Chloe Milne Continues Trainer’s Good Run
Mudgee greyhound trainer Robert Milne has become a consistent performer in the sport in Mudgee even though he has only been training dogs for about two years.
At Mudgee on Sunday Milne again produced a winner when Chloe Milne bounce out of the three box to race away and score easily by 5.75 lengths over 434 metres.
In winning the Fifth Grade race Chloe Milne recorded a smart 24.90 seconds, the second fastest time for the distance on the day and a time that was only beaten in the Non Graded race by five time winner Val Opal.
The win was the fourth from 17 starts for Chloe Milne and she also became the most prolific winner for the trainer in his short career.
“I have three from the same litter as Chloe Milne and they have all done well for me,” Milne said.
“She may not be the best of them as she has not won at TAB tracks and one of the litter has managed to do that and in fact that dog's only two wins have been at TAB meetings.”
Milne was one of three local trainers to lead in winners at Mudgee yesterday.
The first local winner was Jungle Girl who won a mixed grade 434 metres race by a handy 5.25 lengths for Hargraves trainer Alf Vella.
The other local winner was Kokoda Quig who resumed from an enforced rest because of a broken toe to win over 311 metres.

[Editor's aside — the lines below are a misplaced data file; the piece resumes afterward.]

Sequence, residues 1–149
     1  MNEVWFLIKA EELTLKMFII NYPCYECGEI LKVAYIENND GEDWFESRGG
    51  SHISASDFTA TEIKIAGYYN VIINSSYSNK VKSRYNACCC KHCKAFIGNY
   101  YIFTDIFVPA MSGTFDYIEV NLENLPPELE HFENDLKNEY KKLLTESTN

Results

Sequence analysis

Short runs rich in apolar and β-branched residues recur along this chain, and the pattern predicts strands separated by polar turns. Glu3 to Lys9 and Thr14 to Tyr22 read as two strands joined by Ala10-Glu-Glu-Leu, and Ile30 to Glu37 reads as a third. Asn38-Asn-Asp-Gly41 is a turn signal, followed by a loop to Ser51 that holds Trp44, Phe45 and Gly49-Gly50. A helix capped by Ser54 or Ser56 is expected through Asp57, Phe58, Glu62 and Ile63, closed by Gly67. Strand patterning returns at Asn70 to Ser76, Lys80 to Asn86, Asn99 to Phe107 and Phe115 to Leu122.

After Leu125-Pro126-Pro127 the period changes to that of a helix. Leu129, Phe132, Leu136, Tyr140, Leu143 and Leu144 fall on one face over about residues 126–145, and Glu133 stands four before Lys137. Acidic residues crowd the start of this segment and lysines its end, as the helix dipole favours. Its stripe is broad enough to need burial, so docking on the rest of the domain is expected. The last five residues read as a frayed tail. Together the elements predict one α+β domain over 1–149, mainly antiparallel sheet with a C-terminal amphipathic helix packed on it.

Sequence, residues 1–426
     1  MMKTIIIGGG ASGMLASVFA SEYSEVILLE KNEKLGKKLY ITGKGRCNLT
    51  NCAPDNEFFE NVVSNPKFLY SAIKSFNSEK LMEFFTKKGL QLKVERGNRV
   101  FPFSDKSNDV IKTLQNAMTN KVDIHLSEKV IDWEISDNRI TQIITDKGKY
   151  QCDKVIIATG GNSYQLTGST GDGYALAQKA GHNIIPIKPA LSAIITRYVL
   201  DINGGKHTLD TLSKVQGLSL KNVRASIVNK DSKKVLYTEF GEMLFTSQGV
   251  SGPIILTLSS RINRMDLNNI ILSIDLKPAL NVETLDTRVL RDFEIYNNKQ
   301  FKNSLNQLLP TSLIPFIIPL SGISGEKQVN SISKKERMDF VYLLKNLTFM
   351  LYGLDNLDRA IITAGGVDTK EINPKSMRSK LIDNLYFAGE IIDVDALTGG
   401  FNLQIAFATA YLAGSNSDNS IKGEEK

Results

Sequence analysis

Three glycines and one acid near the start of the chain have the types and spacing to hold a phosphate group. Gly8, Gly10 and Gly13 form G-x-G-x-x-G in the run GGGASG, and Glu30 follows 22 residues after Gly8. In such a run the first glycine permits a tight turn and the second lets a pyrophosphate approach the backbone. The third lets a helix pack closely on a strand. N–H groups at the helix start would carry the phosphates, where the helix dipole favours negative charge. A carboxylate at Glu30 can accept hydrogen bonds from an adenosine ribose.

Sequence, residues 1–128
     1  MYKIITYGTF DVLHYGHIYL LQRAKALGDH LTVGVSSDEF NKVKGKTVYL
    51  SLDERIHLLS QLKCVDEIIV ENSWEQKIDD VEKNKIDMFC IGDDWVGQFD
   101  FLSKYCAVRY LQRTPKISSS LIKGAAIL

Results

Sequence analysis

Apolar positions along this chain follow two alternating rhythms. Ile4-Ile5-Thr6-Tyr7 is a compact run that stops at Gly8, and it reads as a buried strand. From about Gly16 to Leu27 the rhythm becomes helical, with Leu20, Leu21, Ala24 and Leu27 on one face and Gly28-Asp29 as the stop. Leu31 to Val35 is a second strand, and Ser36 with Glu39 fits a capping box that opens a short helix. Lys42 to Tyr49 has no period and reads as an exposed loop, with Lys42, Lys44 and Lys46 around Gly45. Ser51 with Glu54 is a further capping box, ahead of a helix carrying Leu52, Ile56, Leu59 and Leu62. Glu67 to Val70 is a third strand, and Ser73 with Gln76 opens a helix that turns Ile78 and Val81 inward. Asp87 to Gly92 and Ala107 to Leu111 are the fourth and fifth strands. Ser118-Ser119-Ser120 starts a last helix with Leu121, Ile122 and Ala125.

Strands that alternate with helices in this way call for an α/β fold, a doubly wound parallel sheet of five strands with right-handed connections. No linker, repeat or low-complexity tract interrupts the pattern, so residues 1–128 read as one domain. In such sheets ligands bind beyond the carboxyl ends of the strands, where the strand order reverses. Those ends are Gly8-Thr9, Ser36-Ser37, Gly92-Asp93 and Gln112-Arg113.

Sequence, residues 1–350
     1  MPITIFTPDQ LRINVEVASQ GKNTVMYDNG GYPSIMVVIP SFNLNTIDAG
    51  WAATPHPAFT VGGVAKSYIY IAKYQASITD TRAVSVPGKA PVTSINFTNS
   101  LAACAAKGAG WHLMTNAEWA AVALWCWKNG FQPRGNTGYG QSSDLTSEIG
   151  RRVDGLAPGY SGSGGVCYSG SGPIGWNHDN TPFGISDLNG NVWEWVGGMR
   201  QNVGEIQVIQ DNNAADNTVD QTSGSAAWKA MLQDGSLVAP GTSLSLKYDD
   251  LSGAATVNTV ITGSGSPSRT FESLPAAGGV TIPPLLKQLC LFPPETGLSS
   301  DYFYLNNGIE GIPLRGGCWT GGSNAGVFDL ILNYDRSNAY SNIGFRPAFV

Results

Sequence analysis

Trainer Barbara Montefiore said she had not been able to give the black bitch more than a couple of runs down the 100 metres Mudgee straight in the lead up to Sunday's race.
“I had to start her at the shorter distance because I have not been able to give her the work but she did a good job to stick on and win today,” Montefiore said.
“There is no doubt she will be improved by the run and as she regains fitness will be at her best over the longer 434 metres and maybe over 530 metres.”
On the day steward Craig Easey took swabs from three winning greyounds – two were at random while the third was by winning trainer's draw after the race.
Easey said it had been a good day but said that a number of trainers had complained about the grading of dogs for the day's racing.
“They leave it until they get to the track on race day to complain,” Easey said.
“What trainers should be doing is making their complaint the day they are graded rather than leaving it until race day when nothing can be changed.”
Courtesy : Don Mahoney, Mudgee Guardian